Welcome back to the second part of our tokenomics series. If you missed our first article, be sure to check it out here. In part 1, we introduced the basics of tokenomics, the different types of tokens, as well as their respective use cases.
Part 2 will focus on utility; arguably the most important factor when designing a tokenomics ecosystem. Simply put, token utility is about making the token an integral part of the project’s ecosystem and providing demand side incentives to ensure the token gets used as much as possible.
Before we get into more detail, you should ask an important question: Is there a need for a token?
Over the past 2 years, a multitude of projects have incorporated a token in their project simply for the sake of having one. Granted, raising funds via a token is often easier, due to less paperwork and increased liquidity, which is why it is preferred by most web3 venture capital firms (VCs). However, launching a token when there is no real need for one, is setting you up for failure. The end result, will be a community which does not use the token, VCs selling as soon as their vesting period ends, and a chart which looks something like this:
To analyse the necessity of a token, and what kind of utility can be implemented, you should analyse the different stakeholders of your ecosystem. A great framework for this is the “action actors approach” outlined by Christian Blanquera. In this approach you want to map out the actors (different type of users) as well as the actions (what the actors can use the token for).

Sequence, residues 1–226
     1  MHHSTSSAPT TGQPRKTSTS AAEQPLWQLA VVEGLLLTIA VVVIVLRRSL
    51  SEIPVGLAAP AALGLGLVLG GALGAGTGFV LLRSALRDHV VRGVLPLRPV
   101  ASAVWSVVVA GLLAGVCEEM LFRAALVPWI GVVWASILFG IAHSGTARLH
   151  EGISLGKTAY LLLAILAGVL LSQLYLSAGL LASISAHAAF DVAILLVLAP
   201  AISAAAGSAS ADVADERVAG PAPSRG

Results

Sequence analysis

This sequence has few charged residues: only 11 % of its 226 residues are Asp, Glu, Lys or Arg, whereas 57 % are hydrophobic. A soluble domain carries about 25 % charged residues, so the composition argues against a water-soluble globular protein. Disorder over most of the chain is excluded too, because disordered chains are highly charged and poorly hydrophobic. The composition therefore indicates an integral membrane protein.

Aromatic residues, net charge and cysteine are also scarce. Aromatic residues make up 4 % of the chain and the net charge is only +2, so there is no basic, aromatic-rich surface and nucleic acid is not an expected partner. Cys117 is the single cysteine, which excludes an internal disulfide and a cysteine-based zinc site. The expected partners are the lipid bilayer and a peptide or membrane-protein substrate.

Below is an example from the Monicho whitepaper where they have mapped the different actors.
One thing to note is that you want to outsource tasks to your stakeholders, if possible. For example, instead of paying for promotion, reward your community for promoting the project in the way you intend, by airdropping tokens to them.
By having many actors, you increase the ways people can interact with the token. This in turn creates a more stable token economy. Be sure to list out the different actions of each actor and how they might be connected to one another. As an example, we can take another look at the Monicho whitepaper. In this example it is clear how each actor can benefit, as well as the platform itself.
Once you have established the need for a token and have identified the stakeholders, you can start adding utility to the token. To do this, ask yourself which desired behaviours you want each stakeholder to have and determine which incentives you can provide.
When talking about token utility there are three overarching categories tokens can be put In.
Store of value: The ability of a token to maintain its purchasing power over time is known as a store of value. This requires the token to remain stable and not experience significant fluctuations, ensuring that it can be relied upon as a secure asset.
Unit of account: When a token can be used as a measure of value for goods and services, it is referred to as a unit of account. This allows for easy comparison and tracking of the value of different assets within the ecosystem, facilitating trade and commerce.
Medium of exchange: A medium of exchange refers to a token’s ability to facilitate transactions by being used as a form of payment for goods and services. Wide acceptance and use of the token within the ecosystem are crucial for creating a functional economy.
A recommended token solution should be established for each behaviour and incentive. Finally, prioritize them according to the business requirements. Be sure to check out part 1 where we covered different token use cases.